• Let pictures do the work: a photograph of the student intern or alum in front of the White House or working in an identifiable newsroom, business space, trading desk, or a compelling natural space can tell most, if not all, of the story

Value can even be central in short-form communications which are primarily visual, such as outdoor and transit advertising. “Proven” is a primary messaging keyword in the enrollment marketing of USciences, the Philadelphia-based institution focusing on healthcare and the sciences, resulting in campaigns which proclaim “Proven Everywhere,” “Proven Results,” and “Proven Careers.” On highways, boards stating “Proven Value. Lower Tuition. Top 10 in Earnings.” clearly communicate the value proposition in a few seconds. In a media release announcing the campaign, Michael Schwartzman, then executive director of marketing and communication at USciences, stated, “Prospective students and their families are learning that the rigorous education, quality training, and hands-on learning that USciences students receive translate to successful careers and top salaries.”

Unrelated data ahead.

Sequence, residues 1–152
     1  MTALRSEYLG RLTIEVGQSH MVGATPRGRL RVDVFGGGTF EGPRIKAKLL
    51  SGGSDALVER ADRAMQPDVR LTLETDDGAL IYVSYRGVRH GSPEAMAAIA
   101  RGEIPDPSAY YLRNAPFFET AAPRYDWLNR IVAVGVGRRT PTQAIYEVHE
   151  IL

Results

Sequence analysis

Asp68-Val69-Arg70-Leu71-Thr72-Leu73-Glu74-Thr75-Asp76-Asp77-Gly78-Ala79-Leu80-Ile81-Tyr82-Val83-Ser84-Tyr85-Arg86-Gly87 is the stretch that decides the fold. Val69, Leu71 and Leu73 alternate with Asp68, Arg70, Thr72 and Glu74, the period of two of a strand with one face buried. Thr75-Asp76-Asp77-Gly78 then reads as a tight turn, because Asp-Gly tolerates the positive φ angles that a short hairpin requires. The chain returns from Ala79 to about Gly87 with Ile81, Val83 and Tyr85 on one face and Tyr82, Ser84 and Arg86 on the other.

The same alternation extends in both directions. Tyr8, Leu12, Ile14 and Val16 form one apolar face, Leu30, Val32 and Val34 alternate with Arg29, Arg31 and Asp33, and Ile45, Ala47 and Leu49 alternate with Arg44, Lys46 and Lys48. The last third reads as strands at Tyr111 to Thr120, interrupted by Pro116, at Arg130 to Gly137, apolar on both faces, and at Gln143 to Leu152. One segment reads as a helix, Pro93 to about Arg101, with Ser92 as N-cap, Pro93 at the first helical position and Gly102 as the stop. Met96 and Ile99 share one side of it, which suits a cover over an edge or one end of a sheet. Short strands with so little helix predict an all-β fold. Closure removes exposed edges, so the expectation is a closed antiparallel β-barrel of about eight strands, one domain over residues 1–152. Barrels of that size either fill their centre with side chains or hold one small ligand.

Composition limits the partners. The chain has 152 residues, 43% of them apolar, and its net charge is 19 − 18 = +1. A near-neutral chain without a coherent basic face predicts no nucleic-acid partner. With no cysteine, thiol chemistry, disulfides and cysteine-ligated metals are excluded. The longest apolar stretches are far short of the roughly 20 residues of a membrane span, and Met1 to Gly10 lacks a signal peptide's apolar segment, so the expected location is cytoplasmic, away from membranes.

Some institutions concede that information, rankings, and stories alone cannot guarantee that they will recruit their desired pool of applicants, so they address rising tuition costs by freezing or cutting them. Of course, targeted media relations and other communications need to promote that. Last month, the University of California system announced that undergraduate tuition for state residents for next year will hold steady at the current level, marking the seventh time in eight years that the university has kept tuition flat for a large body of students, despite rising costs and growing enrollment. Among others, the University of Maine has been offering students from surrounding states the opportunity to enroll at the price they would have paid at their in-state equivalent. According to Forbes, at least 39 colleges have announced significant price reductions over the last 20 years, including at Drew University, Mills College, La Salle University, Sweet Briar College, and St. John’s College, the “great books” school. To highlight Drew’s approach, a headline on the homepage of its website boldly states, “Let’s be clear – college tuition is too high.”